Did you miss part two of our series on transitioning from paper to electronic medical records? Read part two and then check out the next tip to help make your clinics switch as smooth as possible.
Now that you’ve gone digital, what do you do with the old paper charts? And what do you include in your new EMR? Urgent cares by nature do not have consistent repeat visits like primary care providers do. Therefore, patient demographics and records fall out of date quickly and are less relevant for episodic care. DocuTAP recommends not entering old patient info if you have less than 60% repeat visits.
However, your urgent care should scan in relevant files for reference—and have them easily accessible within a digital folder. Generally the last two years of charts should be kept on hand. According to the Centers for Medicare and Medicaid Services, HIPPA law requires archives of medical records for patients for a minimum of six years from the anniversary date of the last treatment. 2 You’ll be required to keep workers’ compensation records for even longer.
Record archives may be kept onsite or offsite; carefully consider which files you’ll want your staff to have quicker access to. Put a plan in place for destroying paper files when appropriate. This should be in a reasonable time frame after records are no longer needed and all vital data has been saved within the EMR. Adhere to state laws for proper record retention formats, and clearly communicate how and when records will be destroyed to your entire staff.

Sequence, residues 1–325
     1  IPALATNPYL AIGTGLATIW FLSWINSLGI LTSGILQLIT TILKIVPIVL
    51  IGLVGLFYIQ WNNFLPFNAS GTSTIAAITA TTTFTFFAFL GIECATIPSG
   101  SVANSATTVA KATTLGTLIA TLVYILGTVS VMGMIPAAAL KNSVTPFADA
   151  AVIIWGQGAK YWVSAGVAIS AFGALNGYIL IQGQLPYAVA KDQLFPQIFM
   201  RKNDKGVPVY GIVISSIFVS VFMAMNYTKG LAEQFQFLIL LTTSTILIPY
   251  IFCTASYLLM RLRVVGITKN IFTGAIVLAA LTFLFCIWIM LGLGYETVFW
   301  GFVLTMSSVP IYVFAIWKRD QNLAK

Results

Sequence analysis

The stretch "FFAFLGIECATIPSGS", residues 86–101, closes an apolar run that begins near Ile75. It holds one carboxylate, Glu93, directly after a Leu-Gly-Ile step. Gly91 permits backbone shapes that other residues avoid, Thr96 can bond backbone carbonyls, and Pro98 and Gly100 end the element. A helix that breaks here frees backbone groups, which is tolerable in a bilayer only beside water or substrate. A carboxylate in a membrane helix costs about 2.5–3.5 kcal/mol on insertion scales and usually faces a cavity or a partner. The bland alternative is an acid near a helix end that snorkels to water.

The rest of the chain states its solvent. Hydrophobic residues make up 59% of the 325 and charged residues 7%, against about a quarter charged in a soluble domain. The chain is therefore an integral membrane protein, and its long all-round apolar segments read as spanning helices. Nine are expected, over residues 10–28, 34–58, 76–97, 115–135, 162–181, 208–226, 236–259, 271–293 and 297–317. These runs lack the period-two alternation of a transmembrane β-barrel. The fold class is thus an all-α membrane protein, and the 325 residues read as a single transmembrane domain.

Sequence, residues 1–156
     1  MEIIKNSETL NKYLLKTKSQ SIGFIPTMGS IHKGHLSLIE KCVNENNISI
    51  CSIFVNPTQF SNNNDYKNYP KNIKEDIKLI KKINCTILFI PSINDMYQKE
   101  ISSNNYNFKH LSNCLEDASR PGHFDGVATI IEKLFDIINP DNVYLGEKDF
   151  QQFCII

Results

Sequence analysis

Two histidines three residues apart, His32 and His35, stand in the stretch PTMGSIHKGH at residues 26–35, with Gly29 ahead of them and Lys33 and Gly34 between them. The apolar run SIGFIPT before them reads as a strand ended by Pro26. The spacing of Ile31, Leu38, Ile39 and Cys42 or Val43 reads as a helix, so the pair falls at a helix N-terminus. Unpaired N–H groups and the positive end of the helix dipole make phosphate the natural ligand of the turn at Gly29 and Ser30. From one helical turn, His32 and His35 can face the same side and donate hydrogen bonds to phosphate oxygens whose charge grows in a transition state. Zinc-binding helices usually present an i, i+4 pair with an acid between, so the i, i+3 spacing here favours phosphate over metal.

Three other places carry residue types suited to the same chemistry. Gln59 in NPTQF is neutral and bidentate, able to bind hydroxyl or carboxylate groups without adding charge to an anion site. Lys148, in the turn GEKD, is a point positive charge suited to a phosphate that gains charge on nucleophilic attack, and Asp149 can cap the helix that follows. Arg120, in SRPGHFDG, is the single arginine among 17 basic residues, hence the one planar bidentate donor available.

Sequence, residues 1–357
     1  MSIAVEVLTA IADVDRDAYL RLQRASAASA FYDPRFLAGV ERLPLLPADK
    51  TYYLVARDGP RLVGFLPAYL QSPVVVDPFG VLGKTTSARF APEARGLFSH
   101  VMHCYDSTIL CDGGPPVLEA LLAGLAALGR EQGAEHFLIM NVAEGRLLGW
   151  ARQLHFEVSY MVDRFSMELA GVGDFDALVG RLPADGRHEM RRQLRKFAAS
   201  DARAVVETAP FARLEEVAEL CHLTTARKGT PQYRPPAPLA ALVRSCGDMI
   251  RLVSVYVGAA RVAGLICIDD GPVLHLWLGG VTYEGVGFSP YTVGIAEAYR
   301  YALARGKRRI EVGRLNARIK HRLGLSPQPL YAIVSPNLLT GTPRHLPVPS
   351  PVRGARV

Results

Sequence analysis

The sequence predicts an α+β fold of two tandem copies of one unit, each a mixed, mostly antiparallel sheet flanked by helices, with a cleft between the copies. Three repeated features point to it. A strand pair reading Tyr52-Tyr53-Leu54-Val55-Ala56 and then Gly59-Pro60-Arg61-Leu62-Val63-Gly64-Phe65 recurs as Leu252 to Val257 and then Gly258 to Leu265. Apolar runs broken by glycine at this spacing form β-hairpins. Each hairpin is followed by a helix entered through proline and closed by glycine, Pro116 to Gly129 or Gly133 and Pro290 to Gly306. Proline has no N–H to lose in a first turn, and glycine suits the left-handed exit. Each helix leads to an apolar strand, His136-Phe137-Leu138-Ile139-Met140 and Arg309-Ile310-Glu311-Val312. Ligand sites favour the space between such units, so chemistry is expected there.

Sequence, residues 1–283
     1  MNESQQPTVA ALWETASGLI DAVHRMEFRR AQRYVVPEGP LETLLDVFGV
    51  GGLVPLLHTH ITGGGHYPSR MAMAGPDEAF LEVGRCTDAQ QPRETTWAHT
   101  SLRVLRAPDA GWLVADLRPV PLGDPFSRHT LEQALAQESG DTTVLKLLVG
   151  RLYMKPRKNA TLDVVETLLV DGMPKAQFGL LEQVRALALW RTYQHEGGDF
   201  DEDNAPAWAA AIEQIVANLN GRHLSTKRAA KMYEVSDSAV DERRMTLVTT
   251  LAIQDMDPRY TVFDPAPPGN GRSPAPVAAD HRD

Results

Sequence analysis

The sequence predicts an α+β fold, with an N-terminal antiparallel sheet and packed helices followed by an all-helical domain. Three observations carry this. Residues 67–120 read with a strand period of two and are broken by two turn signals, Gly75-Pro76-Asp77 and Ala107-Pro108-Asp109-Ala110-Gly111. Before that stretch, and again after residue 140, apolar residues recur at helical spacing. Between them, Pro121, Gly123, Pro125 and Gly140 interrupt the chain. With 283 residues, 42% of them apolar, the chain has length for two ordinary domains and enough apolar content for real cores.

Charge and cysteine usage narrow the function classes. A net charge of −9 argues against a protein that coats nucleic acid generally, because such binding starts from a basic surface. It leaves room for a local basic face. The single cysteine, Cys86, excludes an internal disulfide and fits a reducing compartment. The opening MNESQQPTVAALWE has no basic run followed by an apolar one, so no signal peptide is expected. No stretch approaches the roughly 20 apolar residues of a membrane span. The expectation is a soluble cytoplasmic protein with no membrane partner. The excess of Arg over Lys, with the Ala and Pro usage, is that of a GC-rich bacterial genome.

Be sure and read the rest of the tips so you can learn how to switch from paper to electronic medical records. Download our free eBook.
Looking to make the switch from paper to electronic medical records? Take a look at DocuTAP’s cloud-based, tablet-run EMR and revenue cycle management services designed specifically for urgent care clinics.
2. MLN Matters. Centers for Medicare and Medicaid Services. http://cms.gov/Outreach-and-Education/Medicare-Learning-Network-MLN/MLNMattersArticles/downloads/SE1022.pdf